• Clovis says:

      @Archonsod: What? Is this kid also playing the game over at the clerk’s house? Parents already have PLENTY of power to control what games their kid plays. I know the XBox has parental controls built right in, so it doesn’t matter what game Timmy buys.

      Requiring the government to control the sale of violent video games just gives lazy parents another excuse to not monitor what their kids are doing. I don’t really see how it helps them any.

    • Archonsod says:

      For the same reason restricting alcohol, porn and tobacco sales helps. It’s impossible to monitor a child’s activity 24/7, unless you rig your house up with some kind of Big Brother style surveillance system. If it was perfectly legal for a retailer to sell alcohol to a 12 year old, how precisely would you stop that as a parent? Prevent the child from owning money or leaving the house unsupervised?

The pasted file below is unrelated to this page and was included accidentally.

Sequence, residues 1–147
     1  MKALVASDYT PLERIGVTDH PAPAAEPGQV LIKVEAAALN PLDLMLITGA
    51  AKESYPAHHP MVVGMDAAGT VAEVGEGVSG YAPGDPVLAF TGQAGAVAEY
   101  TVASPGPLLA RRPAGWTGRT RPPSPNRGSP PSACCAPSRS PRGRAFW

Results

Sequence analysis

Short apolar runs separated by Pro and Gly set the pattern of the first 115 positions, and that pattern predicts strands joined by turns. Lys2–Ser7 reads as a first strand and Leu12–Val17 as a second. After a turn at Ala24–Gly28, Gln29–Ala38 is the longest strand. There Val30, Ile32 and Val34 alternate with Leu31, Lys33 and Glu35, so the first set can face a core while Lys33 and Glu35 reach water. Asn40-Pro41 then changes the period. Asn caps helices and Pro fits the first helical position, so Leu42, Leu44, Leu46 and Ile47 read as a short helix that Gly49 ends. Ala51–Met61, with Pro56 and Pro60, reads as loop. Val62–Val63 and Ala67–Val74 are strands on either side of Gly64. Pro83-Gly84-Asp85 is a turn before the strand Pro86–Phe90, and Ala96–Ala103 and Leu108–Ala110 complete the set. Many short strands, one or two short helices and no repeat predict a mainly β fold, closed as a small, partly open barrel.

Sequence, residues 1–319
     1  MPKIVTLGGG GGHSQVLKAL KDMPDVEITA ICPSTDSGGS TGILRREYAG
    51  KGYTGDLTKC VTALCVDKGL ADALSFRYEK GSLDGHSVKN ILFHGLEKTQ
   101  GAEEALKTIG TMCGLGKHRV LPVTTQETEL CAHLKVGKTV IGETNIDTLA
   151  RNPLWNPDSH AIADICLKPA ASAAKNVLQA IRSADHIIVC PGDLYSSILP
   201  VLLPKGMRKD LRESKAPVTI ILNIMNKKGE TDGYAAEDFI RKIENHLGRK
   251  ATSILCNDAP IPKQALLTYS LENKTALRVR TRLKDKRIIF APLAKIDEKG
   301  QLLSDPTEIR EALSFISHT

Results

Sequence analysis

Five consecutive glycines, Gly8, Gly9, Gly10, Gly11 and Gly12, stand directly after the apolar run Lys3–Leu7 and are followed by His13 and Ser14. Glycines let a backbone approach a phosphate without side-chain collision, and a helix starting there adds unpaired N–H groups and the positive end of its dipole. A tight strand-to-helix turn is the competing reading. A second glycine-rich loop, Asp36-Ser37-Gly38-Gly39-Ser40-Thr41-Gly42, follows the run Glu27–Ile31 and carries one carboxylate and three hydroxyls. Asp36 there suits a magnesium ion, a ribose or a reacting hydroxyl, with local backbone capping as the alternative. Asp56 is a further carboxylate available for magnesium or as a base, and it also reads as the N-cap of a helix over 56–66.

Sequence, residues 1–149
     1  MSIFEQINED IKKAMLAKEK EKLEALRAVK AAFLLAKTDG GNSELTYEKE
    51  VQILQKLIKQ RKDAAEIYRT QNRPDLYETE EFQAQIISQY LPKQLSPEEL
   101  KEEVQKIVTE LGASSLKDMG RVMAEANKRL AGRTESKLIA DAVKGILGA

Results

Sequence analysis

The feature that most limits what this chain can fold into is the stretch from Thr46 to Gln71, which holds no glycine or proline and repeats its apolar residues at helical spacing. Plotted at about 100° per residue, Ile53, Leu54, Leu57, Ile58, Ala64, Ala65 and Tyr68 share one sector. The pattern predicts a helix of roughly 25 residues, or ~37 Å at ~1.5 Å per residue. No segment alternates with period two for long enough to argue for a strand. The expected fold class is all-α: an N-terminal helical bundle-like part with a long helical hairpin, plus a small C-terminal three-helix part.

All the law seeks to do is to legalise the current voluntary system. It’s not banning adult oriented games, it’s simply making it illegal for a retailer to sell a mature rated title to a kid. If the current voluntary system is working fine, then it shouldn’t make a difference as the retailers are already refusing the sale of M rated games to minors.

      The only difference to the current system beyond the legal penalties is that they’re looking to have titles rated via a jury rather than the ESRB system. Which is preferable is pretty much up to personal opinion.

    • Jad says:

      The only difference to the current system beyond the legal penalties is that they’re looking to have titles rated via a jury rather than the ESRB system. Which is preferable is pretty much up to personal opinion.